Mulvaney – whose appointment runs to June 22 – expects consumer bureau director nominee by middle of next week

Look for the White House to unveil its nominee for a permanent director of the federal consumer financial protection agency by the middle of next week, the current acting director said Tuesday – although his tenure on the job may not be ending so soon.

Bureau of Consumer Financial Protection (BCFP, formerly known as the CFPB) Acting Director Mick Mulvaney told reporters that he expects President Donald Trump to make a nomination for a permanent director by this time next week. The president is facing a June 22 deadline for making the nomination, when Mulvaney’s appointment runs out.

Mulvaney was appointed by the president to his current role on Nov. 24 under the Federal Vacancies Reform Act of 1998 (FVRA). Under that statute, an acting officer appointed by the president under that provision serves “subject to the time limitations” spelled out in the law. Those include that an appointee may serve “for no longer than 210 days beginning on the date the vacancy occurs.” The 210-day period ends next Friday.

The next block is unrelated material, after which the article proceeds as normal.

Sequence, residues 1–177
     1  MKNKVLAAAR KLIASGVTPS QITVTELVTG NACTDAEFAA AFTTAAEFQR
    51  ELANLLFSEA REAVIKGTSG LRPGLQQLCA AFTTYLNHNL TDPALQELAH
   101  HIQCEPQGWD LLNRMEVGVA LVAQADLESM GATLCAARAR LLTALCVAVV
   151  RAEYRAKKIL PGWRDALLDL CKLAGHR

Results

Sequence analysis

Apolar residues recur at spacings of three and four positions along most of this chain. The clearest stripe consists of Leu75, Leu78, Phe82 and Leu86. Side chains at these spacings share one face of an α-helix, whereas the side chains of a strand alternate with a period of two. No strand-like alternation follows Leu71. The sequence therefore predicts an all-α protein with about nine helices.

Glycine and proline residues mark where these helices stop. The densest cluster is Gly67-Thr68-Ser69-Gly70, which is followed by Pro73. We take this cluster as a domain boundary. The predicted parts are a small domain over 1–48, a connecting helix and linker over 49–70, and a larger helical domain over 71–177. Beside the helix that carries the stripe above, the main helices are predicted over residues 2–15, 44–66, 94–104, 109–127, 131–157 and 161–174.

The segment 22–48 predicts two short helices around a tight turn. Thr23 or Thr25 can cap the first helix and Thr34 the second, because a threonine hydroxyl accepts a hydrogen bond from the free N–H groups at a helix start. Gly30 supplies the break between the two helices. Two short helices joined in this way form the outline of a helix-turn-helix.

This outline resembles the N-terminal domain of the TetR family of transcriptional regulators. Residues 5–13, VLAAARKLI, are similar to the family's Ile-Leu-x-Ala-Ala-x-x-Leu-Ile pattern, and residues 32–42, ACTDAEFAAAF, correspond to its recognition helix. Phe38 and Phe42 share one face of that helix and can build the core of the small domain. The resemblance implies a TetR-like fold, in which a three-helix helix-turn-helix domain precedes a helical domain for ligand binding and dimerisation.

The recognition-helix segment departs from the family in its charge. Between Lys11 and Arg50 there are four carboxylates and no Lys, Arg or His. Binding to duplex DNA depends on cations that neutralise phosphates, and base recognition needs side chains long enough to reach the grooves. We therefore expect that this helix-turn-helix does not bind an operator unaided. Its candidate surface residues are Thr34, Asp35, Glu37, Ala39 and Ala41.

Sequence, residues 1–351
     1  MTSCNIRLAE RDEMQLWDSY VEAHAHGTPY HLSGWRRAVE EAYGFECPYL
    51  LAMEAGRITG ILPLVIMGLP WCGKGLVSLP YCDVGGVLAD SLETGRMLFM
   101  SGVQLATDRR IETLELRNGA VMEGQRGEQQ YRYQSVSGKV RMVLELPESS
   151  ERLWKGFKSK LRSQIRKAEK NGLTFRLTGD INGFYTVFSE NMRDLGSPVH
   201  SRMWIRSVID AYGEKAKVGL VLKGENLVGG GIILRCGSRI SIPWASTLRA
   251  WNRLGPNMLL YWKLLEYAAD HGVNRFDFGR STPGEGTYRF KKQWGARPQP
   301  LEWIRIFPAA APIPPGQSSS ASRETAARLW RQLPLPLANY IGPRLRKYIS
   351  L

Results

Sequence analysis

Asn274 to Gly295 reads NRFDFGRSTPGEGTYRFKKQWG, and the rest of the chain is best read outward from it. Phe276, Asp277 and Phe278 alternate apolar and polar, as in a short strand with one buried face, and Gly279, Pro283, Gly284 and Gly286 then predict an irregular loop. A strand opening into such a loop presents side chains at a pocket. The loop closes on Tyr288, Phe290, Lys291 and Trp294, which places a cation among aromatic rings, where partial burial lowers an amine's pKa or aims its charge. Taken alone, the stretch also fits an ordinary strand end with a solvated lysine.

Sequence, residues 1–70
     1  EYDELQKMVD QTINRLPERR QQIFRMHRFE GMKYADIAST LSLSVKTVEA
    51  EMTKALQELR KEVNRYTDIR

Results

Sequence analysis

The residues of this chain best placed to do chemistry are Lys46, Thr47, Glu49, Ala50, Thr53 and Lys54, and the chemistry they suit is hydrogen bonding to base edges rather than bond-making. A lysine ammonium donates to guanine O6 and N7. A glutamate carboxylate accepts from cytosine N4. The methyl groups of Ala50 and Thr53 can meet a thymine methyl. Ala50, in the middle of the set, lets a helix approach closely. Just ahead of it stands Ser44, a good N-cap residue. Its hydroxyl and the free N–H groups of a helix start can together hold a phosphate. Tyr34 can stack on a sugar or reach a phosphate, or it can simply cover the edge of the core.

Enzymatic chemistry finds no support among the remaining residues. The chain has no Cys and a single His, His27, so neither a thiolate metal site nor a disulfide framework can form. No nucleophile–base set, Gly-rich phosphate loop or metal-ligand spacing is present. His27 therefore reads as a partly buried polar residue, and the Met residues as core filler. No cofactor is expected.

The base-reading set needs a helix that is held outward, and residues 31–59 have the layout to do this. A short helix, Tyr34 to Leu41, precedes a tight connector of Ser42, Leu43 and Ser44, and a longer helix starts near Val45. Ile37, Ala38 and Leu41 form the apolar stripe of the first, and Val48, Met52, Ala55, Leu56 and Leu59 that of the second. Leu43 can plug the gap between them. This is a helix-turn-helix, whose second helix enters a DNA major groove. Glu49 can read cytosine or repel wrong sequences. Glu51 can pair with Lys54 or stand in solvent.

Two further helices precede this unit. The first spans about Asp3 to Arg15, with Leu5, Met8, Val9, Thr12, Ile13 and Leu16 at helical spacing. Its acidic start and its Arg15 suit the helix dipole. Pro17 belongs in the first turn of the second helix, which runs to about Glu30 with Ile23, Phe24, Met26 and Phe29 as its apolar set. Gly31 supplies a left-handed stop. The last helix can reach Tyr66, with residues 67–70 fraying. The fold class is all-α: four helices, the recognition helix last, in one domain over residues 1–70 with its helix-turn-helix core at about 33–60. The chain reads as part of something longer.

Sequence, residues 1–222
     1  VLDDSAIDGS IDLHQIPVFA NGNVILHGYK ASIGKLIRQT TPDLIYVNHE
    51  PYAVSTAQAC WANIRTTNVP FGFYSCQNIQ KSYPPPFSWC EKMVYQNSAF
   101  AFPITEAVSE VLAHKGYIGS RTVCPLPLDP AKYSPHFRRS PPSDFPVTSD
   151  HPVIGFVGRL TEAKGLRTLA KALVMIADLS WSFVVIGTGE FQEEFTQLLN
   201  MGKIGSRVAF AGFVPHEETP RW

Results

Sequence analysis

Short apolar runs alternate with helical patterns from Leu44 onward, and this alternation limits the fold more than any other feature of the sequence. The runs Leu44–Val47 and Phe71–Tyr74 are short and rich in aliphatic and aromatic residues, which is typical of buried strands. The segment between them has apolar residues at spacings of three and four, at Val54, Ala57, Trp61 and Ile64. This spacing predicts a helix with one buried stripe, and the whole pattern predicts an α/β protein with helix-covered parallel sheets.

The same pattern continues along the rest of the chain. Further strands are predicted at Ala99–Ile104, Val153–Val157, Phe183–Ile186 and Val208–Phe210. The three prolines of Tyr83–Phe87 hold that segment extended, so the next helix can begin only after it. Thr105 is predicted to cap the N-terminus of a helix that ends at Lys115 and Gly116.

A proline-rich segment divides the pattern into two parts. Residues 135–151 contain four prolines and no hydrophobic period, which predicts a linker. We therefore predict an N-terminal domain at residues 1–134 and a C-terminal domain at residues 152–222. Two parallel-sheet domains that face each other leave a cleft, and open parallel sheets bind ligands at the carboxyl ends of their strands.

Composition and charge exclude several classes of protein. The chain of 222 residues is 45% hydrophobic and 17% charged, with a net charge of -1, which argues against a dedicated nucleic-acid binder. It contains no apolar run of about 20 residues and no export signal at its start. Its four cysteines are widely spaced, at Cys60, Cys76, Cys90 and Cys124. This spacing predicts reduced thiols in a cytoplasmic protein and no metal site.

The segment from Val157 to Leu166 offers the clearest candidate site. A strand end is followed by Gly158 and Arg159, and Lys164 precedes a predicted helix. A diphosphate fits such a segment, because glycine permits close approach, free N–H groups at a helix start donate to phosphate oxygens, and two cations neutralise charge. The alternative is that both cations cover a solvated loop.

However, if the president nominates a permanent director for the agency, the law states that the appointee may serve “from the date of such nomination for the period that the nomination is pending in the Senate.”

In other words, if the president nominates someone by the middle of next week, Mulvaney may continue serving in his current role as long as the nomination is pending.

Additionally, the statute outlines that if the president’s first nomination is rejected, withdrawn, or returned by the Senate, the acting officer can continue to serve for no more than 210 days after the date of the rejection, withdrawal or return.

As for a nominee to the position: current NCUA Board Chairman J. Mark McWatters has been rumored as a candidate since at least the start of the year. Another candidate to emerge: outgoing Rep. Darrell Issa (R-Calif.), who is not running for reelection. The White House has not made its plans known so far.